Thousands came out overnight Thursday and the next evening to Mitzpe Ramon, to Timna Park and to other locations in the south of the country to watch the largest meteor shower of the summer. Tens of millions gazed to the heavens across the world.
Dr. Igal Patel, head of the Israeli Astronomical Association and the Givatayim Observatory explained that the Perseid meteors are one of the most popular meteor showers. This is due to their concentration and rate that occur at the height of summer.
The name of the comet that causes the Perseid meteors is 109P/Swift Tuttle. The last time that it reached its perihelion (the closest point in its orbit to the sun) was in 1992, resulting in rich meteor showers from 1991 to 2000 (with a rate of hundreds of meteors per hours).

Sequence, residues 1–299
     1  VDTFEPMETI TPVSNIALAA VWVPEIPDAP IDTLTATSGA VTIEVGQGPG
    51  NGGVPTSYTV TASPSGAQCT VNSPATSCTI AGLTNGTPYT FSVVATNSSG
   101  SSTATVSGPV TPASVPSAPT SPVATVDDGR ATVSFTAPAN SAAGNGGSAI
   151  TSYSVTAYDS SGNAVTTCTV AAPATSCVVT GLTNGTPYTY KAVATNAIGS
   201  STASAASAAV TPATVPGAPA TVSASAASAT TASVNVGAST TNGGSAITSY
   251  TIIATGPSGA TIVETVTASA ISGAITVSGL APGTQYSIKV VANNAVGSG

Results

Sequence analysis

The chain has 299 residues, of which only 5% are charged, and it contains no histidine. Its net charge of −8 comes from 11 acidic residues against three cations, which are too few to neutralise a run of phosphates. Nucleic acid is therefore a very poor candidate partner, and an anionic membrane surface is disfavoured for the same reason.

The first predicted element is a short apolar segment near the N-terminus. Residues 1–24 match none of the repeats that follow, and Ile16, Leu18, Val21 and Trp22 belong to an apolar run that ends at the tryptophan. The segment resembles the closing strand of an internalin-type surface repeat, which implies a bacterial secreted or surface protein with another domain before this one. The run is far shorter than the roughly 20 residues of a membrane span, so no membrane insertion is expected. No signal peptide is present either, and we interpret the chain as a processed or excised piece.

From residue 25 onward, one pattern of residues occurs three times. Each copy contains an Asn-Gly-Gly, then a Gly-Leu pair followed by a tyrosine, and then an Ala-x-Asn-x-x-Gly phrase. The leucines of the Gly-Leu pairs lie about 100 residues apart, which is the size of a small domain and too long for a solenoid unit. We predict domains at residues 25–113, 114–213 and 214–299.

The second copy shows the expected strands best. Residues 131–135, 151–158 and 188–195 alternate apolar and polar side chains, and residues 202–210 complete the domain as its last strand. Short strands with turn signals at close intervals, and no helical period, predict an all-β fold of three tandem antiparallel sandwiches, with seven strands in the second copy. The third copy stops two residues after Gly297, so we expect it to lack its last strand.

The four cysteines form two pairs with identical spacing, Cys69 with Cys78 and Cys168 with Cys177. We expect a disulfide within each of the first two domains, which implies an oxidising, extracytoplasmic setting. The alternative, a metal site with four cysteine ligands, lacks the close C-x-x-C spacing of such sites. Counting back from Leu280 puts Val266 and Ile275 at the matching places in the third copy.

Patel added that because of the rules of perspective, it appears that all the meteors appear to come from one spot in space, the radiant, just as railroad tracks seem to meet in the distance. Each meteor shower leaving from a certain point in space is named for the star cluster where the radiant is located. Hence, the August showers earned their name from the Perseus cluster.